Thursday, April 11, 2013
Stone sculpture is a totally unique, for it is a singularly subtractive process. Even in polishing the finished piece, there is only removal of material, with no addition. SCULPTURE from the Greek word to remove.
Stone sculpture for me, is also a study in nature. The chemical and physical properties of the stone, its color, mottling, grain, and texture, all direct me to interpret the possibilities and limitations of the stone.
Each sculpture I have carved in the last twenty years has been a unique interaction between my
emotions, the stone, and the tools I am using. This challenge, and inner tension, gives the sculpture value and meaning to me, and sometimes others willing to engage with my art.
So I solicit audience participation for my sculpture, for above all, it only needs to evoke
emotion to be to be meaningful. I want my work to pass this simple test.
Wednesday, April 10, 2013
|"Speak to me"|
It seems to me Arts are local, and are based on local history and local knowledge, not in itself a bad thing, however, Local-ism does not serve the world of art all that well. If there is a lack of local history of stone sculpture, I believe the void is filled by romancing common knowledge about the subject. Common knowledge about stone carving is Irving Stone's version of Michelangelo. So milking Michelangelo's Renaissance stone carving, fills the gap. Savvy stone purveyors, stone workers and stone sculptors work this angle to there advantage to get what I call the Italian bump Marketing at its finest. I too love Italian culture, food, wine, fashion, autos, and art, but like my own history, culture, food, wine, fashion, autos, and art as well. I come from a rich heritage of stone workers, my father and his three brothers were all stone-carvers my three brothers, two brothers-in-law, uncle and nephews. All worked for the largest stone company in the world. None of us Italian. I feel no need to use the Italian bump to promote myself, and refuse to roll my R'S to dazzle the locals. Of course this behavior has be costly, but its a matter of self pride. There must be a better way to generate interest in local stone sculpture, after all the local wine growers found a way to self pride. Remember Duke Ellington: “If it sounds good, it is good.” I say as a stone sculpture, if looks good it is good. Good sculpture doesn’t require a signature of authenticity, or European heritage, it only needs to evoke a emotional response from the viewer to have value.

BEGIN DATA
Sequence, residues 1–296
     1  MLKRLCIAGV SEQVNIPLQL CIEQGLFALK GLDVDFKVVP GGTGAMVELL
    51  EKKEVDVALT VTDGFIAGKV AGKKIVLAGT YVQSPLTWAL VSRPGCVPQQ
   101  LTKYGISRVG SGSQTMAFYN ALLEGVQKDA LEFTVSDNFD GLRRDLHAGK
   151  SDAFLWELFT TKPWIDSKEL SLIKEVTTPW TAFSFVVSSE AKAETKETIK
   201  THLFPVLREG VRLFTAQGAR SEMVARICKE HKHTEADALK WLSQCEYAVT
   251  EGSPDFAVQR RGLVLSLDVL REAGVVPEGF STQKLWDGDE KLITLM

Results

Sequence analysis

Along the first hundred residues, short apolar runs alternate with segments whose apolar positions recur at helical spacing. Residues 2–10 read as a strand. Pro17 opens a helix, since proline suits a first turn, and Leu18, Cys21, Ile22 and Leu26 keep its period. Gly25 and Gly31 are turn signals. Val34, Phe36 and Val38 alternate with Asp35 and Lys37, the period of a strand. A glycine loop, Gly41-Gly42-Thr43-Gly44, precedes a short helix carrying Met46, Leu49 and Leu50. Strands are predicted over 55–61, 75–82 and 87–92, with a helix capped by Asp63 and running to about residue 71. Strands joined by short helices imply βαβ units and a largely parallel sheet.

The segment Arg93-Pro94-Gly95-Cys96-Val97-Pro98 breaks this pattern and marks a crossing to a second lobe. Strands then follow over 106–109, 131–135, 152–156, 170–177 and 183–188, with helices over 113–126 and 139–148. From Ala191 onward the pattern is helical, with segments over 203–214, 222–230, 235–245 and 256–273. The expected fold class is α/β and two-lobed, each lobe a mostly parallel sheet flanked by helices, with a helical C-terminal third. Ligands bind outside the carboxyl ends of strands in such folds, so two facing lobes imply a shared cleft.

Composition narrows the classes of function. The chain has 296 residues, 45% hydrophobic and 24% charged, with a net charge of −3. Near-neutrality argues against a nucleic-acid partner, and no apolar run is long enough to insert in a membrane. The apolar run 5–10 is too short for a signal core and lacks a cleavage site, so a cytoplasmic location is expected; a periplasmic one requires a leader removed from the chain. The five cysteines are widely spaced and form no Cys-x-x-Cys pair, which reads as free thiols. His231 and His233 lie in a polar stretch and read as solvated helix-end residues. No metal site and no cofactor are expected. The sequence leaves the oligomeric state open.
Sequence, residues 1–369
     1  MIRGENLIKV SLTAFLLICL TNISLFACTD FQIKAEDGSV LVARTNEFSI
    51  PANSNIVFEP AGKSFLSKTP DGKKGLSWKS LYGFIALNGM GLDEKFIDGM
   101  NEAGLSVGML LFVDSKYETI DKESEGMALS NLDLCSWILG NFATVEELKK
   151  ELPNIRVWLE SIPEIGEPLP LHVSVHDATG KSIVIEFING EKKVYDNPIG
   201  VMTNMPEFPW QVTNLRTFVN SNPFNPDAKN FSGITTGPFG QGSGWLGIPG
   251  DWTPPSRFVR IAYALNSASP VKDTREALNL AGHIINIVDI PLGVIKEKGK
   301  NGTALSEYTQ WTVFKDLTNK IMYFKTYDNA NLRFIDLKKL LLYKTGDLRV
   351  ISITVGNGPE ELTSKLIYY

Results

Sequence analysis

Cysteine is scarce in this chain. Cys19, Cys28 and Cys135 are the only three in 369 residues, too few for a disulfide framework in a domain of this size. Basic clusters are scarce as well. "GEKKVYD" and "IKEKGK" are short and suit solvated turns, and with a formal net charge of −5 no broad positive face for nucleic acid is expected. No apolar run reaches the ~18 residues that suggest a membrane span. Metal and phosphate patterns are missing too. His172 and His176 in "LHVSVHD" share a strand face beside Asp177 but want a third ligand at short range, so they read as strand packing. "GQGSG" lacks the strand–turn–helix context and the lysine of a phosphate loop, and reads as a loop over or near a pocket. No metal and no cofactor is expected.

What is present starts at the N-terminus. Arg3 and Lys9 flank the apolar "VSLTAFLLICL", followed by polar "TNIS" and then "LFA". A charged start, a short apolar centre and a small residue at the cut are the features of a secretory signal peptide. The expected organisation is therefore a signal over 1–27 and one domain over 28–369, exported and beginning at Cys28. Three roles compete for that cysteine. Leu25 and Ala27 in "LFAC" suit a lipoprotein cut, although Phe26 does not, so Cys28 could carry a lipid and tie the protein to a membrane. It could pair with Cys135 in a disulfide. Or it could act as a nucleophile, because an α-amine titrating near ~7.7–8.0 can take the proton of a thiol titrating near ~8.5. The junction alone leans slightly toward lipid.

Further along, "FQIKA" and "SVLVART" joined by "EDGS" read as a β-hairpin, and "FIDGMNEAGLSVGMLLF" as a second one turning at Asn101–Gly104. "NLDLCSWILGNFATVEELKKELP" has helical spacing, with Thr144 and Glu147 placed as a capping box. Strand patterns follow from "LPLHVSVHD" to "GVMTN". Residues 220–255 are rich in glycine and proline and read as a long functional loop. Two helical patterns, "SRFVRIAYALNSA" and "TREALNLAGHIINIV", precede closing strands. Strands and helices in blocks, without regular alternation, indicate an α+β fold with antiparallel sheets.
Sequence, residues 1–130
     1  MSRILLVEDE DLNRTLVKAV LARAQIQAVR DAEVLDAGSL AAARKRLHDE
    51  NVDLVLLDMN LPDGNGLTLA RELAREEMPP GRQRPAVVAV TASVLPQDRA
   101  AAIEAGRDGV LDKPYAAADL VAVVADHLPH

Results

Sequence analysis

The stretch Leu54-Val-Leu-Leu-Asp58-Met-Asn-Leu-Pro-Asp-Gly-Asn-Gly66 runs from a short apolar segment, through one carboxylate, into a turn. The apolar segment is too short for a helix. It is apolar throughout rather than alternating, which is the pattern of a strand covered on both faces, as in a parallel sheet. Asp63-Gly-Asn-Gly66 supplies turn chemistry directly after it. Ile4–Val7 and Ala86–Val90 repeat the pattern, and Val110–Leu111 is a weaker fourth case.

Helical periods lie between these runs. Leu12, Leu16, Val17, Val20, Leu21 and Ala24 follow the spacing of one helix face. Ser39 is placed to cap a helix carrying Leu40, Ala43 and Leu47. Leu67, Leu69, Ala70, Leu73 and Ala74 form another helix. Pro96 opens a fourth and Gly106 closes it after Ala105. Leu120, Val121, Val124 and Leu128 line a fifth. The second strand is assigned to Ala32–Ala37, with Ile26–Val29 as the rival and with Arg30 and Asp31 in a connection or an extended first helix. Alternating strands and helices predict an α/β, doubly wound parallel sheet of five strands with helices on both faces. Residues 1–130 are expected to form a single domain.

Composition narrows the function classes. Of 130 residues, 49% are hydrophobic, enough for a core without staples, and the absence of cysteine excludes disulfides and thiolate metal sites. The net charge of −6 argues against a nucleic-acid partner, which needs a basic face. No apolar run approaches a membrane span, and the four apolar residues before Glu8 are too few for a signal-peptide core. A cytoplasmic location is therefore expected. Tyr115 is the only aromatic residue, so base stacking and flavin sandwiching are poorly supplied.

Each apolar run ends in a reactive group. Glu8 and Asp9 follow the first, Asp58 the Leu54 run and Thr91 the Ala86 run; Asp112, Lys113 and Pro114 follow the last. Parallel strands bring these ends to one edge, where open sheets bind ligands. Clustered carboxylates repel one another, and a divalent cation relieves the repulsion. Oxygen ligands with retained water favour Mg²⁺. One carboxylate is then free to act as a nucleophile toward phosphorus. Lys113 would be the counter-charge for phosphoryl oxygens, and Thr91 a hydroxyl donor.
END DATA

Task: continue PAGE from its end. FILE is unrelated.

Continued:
|SE Alaska marble|
|SE Alaska marble|
FOUR PHOTOS OF MY SCULPTURE
It seems Northwest wine makers found the local climate and soil for grapes equal to Italy, unfortunately our northwest basalt isn’t like European marble for carving, however we to have wonderful carving stone. Its not the stone, but what you do with the stone that makes great art. I am sure you could have the greatest soil and climate in the world but not have good wine if your not a good winemaker. Good stone sculpture is made by good artists. And we have lots of good artists in the Northwest. Personally I take great pride in reading local stone I source myself, even if it is not as romantic as tying myself to Italian Mystique. There is nothing more satisfying to me then taking a raw stone fragment, and creating a beautiful enduring piece of art. To me the expression reading the stone is often expressed as the stone speaks to me.